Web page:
CAMBRIDGE POLICE: The Senate engrossed H 4143 regarding the appointment of retired Cambridge Police Department officers as special police officers within the city of Cambridge for paid detail assignments.
LYNNFIELD LICENSES: The Senate engrossed H 4370 authorizing the town of Lynnfield to grant five additional licenses for the sale of all alcoholic beverages to be drunk on the premises.
EAST BRIDGEWATER SEWERS: The Senate engrossed S 2423 establishing an East Bridgewater Sewer District.
ORDERS OF THE DAY: There were no objections to proceeding with the orders of the day.
HAVERHILL FIREFIGHTER: The Senate ordered to a third reading H 4186 authorizing Brian M. Belfiore to take the civil service examination for the position of firefighter in the City of Haverhill notwithstanding the maximum age requirement.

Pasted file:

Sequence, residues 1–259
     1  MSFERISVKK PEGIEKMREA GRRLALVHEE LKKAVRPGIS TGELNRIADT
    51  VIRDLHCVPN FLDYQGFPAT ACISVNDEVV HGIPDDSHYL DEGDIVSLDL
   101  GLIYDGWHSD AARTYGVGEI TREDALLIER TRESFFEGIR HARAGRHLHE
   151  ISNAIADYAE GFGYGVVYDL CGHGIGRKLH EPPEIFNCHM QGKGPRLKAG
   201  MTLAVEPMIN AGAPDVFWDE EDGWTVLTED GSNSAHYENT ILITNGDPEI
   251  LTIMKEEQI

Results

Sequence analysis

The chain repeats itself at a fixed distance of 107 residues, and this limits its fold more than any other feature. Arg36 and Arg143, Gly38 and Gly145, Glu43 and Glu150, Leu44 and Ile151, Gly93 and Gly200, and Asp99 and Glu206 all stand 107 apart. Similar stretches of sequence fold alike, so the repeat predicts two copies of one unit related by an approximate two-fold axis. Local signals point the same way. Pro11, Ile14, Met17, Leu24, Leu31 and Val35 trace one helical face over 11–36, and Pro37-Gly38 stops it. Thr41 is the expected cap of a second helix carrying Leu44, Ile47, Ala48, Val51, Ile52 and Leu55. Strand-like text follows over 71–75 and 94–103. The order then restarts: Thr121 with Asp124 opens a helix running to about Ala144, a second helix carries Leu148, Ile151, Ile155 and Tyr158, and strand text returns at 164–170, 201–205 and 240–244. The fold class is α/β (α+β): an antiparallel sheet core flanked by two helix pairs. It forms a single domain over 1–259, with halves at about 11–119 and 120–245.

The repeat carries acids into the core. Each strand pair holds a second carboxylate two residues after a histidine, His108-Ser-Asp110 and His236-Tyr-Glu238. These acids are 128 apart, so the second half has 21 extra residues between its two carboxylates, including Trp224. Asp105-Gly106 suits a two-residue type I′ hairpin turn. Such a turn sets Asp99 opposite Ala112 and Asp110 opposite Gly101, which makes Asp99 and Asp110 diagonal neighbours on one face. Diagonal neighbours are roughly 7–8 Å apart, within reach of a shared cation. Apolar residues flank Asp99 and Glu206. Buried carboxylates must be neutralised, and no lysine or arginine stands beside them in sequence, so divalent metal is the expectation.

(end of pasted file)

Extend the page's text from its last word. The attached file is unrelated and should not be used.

DANVERS OFF-PREMISES LICENSES: The House ordered to a third reading H 4459 authorizing the Town of Danvers to grant 10 additional licenses for the sale of all alcoholic beverages not to be drunk on the premises.
MELROSE: The Senate ordered to a third reading H 4464 providing a charter for the City of Melrose.
CARLISLE: The Senate ordered to a third reading H 4476 relative to the recall of elected officials in the town of Carlisle.
BIOMETRIC INFO: The Senate ordered to a third reading S 95 relative to protecting biometric information under the security breach law.
Sen. Rodrigues moves to suspended to rules to consider the matter forthwith. There was no objection.
RECESS: Sen. Pacheco called a recess. Time was 2:14 p.m.
RETURNS: Sen. Pacheco called the chamber back to order at 2:16 p.m.
BIOMETRIC INFO: Question came on S 95 relative to protecting biometric information under the security breach law.